Oil loses ground after higher than expected increase in US stocks

Oil prices slipped in Asian trade on Wednesday after a US industry group reported crude stocks rose more than expected last week and as investors reined in expectations for interest rate cuts by the US Federal Reserve.

Brent futures fell 11c, or 0.13%, to $82.66 a barrel at 4.03am GMT. US West Texas Intermediate (WTI) crude futures fell 3c to $77.84 a barrel.

“The [price] rally has been cut short by the higher than expected US inflation print, which has the potential to push back the rate cut cycle,” said DBS Bank energy sector team lead Suvro Sarkar.

“In addition, inventory builds are likely to surprise on the upside this week, and an outage at the BP refinery in Whiting is also not helping matters on the demand side.”

US crude oil inventories rose 8.52-million barrels in the week ended February 9, according to market sources citing American Petroleum Institute figures released late on Tuesday.

The build was much bigger than the 2.6-million barrel increase that analysts polled by Reuters expected.

“The builds in crude oil were fairly bearish. However, this was offset by large product declines,” ING analysts said in a note, adding that the data probably was a reflection of the 435,000 barrels a day Whiting refinery outage.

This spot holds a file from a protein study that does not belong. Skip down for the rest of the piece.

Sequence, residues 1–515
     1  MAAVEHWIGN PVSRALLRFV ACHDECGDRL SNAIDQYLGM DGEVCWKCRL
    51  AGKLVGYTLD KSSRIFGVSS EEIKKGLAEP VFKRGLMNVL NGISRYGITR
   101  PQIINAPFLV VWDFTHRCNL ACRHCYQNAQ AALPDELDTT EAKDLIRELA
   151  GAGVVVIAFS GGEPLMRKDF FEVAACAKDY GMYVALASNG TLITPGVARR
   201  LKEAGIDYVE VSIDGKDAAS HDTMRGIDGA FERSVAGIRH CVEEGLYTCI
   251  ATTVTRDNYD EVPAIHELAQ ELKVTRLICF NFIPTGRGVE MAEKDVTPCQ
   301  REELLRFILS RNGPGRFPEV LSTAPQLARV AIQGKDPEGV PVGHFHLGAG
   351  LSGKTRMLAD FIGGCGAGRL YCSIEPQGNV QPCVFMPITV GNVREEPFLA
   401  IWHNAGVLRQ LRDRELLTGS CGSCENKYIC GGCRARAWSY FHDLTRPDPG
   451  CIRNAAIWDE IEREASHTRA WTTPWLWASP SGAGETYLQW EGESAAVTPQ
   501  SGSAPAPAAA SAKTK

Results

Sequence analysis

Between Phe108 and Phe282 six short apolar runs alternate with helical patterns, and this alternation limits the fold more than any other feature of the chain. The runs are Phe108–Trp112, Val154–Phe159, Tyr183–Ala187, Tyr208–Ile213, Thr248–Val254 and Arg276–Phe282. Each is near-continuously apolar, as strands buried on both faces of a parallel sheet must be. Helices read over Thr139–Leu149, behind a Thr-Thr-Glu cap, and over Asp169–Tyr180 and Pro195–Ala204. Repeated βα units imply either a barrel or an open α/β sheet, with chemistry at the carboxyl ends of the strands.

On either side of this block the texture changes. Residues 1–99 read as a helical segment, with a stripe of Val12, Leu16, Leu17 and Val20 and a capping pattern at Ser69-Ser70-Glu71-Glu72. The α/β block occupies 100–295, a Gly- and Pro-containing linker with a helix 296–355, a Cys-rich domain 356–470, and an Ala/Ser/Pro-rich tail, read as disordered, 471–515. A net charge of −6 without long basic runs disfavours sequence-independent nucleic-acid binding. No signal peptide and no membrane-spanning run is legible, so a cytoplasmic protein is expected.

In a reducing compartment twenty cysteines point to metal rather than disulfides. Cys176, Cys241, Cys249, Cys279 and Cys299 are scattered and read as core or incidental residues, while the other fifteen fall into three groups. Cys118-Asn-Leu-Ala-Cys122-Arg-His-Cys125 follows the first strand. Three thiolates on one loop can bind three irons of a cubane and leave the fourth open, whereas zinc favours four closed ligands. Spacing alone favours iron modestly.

The API data showed gasoline inventories fell 7.23-million barrels and distillate stocks fell by 4.02-million barrels, both much larger declines than analysts expected.

Official data from the US Energy Information Administration is due on Wednesday at 3.30pm GMT.

Also weighing on the market, data on Tuesday showed US consumer inflation stayed elevated in January. As a result, investors now expect Fed policymakers to wait longer before cutting interest rates, potentially dampening economic growth and oil demand.

With expectations of rate cuts pushed out, the dollar rose to a three-month peak. A stronger dollar typically weighs on demand for oil among buyers paying in other currencies.

ANZ analysts said prices had weakened partly due to worries about supply levels from members of oil cartel Opec, despite an overall bullish demand outlook in the group’s monthly report on Tuesday.

“Opec’s monthly oil market report … raised some concerns about the group’s adherence to its recent production cuts. Only Kuwait and Algeria have implemented their share of cuts, with Iraq’s output well above the agreed quota,” ANZ analysts said in a client note.


Source: businesslive.co.za